Message to the Congress on Trade With Romania, Hungary, and the People's Republic of China
June 2, 1981
To the Congress of the United States:
In accordance with subsection 402(d)(5) of the Trade Act of 1974, I transmit herewith my recommendation for a further 12-month extension of the authority to waive subsections (a) and (b) of section 402 of the Act.
I include as part of my recommendation my determination that further extension of the waiver authority, and continuation of the waivers applicable to the Socialist Republic of Romania, the Hungarian People's Republic, and the People's Republic of China will substantially promote the objectives of section 402.
This recommendation also includes my reasons for recommending the extension of waiver authority and for my determination that continuation of the three waivers currently in effect will substantially promote the objectives of section 402.
The White House,
June 2, 1981.
Recommendation for Extension of Waiver Authority
I recommend to the Congress that the waiver authority granted by subsection 402(c) of the Trade Act of 1974 (hereinafter ``the Act'') be further extended for twelve months. Pursuant to subsection 402(d)(5) of the Act, I have today determined that further extension of such authority, and continuation of the waivers currently applicable to the Socialist Republic of Romania, the Hungarian People's Republic, and the People's Republic of China will substantially promote the objectives of section 402 of the Act. My determination is attached to this Recommendation and is incorporated herein.
The general waiver authority conferred by section 402(c) of the Act is an important means for the strengthening of mutually beneficial relations between the United States and certain countries of Eastern Europe and the People's Republic of China. The waiver authority has permitted us to conclude and maintain in force bilateral trade agreements with Romania, Hungary, and the People's Republic of China. These agreements are fundamental elements in our political and economic relations with those countries, including our important productive exchanges on human rights and emigration matters. Moreover, continuation of the waiver authority might permit future expansion of our bilateral relations with other countries now subject to subsection 402 (a) and (b) of the Act, should circumstances permit. I believe that these considerations clearly warrant this recommendation for expansion of the general waiver authority.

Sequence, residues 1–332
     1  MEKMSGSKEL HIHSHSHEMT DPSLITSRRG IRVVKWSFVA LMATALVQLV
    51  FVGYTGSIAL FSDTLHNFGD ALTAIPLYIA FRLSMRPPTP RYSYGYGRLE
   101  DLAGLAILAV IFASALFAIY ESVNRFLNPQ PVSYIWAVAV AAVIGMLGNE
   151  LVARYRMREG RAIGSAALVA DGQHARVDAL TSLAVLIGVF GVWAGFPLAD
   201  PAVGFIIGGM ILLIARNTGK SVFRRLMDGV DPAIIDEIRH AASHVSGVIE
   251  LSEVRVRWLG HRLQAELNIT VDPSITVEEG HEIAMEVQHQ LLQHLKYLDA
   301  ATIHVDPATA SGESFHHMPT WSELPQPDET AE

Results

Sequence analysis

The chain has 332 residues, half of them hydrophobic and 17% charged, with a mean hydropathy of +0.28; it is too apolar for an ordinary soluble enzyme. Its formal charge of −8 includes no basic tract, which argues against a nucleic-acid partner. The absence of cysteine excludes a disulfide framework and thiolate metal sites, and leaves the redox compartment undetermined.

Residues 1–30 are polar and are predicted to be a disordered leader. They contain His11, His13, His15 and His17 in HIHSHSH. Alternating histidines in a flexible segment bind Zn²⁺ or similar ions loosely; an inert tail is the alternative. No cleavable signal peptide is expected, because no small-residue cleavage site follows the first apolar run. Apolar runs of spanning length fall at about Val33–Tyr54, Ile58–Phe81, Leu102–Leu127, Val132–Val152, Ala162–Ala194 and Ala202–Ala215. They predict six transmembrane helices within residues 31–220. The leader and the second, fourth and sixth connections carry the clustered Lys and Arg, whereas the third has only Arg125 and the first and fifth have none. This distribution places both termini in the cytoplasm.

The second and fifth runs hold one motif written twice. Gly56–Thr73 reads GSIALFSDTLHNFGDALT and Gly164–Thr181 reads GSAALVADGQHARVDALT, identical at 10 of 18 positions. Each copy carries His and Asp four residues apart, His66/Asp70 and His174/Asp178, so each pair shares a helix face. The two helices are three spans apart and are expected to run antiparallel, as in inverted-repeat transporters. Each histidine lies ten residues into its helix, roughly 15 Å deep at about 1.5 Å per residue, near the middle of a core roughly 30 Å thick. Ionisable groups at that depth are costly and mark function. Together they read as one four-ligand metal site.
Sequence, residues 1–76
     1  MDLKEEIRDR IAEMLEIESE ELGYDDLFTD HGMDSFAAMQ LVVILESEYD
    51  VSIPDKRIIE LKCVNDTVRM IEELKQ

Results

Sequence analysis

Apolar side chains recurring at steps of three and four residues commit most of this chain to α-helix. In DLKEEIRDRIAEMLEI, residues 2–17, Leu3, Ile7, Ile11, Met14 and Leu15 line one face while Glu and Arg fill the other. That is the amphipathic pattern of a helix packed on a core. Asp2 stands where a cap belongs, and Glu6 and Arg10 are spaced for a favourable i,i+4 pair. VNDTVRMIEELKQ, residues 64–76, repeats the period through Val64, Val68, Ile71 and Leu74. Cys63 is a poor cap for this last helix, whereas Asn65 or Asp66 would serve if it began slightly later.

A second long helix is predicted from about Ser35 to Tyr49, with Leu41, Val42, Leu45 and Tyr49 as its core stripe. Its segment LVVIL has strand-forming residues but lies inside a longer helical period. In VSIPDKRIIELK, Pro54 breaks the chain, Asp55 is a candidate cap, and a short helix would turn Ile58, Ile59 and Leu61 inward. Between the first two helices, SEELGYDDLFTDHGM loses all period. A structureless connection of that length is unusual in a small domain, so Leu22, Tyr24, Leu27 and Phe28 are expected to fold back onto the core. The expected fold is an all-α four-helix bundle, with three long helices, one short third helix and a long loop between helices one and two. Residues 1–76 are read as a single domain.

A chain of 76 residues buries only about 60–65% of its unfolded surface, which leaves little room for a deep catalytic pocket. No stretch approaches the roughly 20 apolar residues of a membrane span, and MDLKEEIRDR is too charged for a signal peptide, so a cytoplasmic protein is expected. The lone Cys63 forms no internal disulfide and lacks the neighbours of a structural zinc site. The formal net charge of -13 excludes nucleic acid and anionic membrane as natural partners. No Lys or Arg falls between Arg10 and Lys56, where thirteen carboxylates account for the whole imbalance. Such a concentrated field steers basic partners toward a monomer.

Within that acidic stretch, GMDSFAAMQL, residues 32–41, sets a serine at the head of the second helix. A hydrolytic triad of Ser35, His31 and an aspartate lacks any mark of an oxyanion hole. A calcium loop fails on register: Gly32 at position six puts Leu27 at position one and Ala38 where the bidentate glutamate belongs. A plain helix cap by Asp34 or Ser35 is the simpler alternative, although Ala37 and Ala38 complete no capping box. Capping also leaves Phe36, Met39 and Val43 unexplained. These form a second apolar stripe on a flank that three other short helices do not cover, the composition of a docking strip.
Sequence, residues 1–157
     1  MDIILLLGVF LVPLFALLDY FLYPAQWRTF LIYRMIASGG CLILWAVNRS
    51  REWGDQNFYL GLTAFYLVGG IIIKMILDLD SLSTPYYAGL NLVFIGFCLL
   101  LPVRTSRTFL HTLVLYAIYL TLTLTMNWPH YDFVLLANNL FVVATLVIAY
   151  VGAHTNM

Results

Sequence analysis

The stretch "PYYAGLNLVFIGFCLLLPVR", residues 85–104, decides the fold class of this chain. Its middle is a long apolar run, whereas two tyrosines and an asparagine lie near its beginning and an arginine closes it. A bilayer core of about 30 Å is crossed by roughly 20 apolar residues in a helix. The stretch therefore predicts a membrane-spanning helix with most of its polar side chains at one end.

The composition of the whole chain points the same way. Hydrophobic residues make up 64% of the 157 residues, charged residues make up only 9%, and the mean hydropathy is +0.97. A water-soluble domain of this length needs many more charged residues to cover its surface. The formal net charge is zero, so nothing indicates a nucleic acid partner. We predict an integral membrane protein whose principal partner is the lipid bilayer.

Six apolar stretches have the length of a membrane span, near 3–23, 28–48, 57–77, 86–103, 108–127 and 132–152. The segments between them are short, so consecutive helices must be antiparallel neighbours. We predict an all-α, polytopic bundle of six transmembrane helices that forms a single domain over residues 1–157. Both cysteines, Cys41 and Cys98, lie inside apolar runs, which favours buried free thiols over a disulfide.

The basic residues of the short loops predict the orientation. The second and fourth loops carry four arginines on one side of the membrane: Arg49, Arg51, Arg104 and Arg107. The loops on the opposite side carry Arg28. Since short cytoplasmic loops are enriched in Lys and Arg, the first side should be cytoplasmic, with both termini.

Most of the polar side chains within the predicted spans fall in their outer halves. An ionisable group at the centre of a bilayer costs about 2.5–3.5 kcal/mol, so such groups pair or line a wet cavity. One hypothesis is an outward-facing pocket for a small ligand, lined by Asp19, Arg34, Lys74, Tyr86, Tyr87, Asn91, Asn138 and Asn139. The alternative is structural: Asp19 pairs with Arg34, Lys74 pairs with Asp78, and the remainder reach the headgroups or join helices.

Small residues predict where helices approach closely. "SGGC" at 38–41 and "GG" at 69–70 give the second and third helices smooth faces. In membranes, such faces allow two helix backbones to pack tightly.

I also believe that continuing the current waivers applicable to Romania, Hungary and the People's Republic of China will substantially promote the objectives of section 402 of the Act.
Romania -- Emigration from Romania to the United States has increased substantially since the waiver has been in effect. In 1980, more than 2,800 persons emigrated from Romania to the United States. This is nearly seven times the pre-MFN level of emigration and almost twice the 1979 level. Continuation of the waiver will also contributes to maintaining a framework for dialogue with the Romanian Government on emigration procedures, emigration to Israel, binational marriages, and other humanitarian problems.
Hungary -- In March 1978 the Hungarian Government stressed to the U.S. Government that it intended to deal with emigration matters in a responsible and humanitarian way. Since that time the actions of Hungarian authorities have been consistent with this policy. A large majority of Hungarians seeking to emigrate are able to do so without undue difficulty. Very few problem cases arise, and U.S. officials are able to discuss these constructively with the Hungarian Government. Most problem cases ultimately are favorably resolved.
People's Republic of China -- During the past year, China has continued its commitment to open emigration, exemplified by its undertaking in the September 1980 U.S.-China Consular Convention to facilitate family reunification. Our posts in China issued over 3,400 immigrant visas in FY-1980, and over 12,800 nonimmigrant visas for business, study and family visits. More than 5,000 Chinese now have come to the United States since 1979 for long term study and research. As has been the case for the past several years, the numerical limits imposed on entry to the U.S. by our immigration law continue to be a more significant impediment to immigration from China than Chinese Government exit controls. The Chinese Government is aware of our interest in open emigration, and extension of the waiver will encourage the Chinese to maintain its present travel and emigration policies.
In light of these considerations, I have determined that continuation of the waivers applicable to Romania, Hungary, and the People's Republic of China will substantially promote the objectives of section 402 of the Act.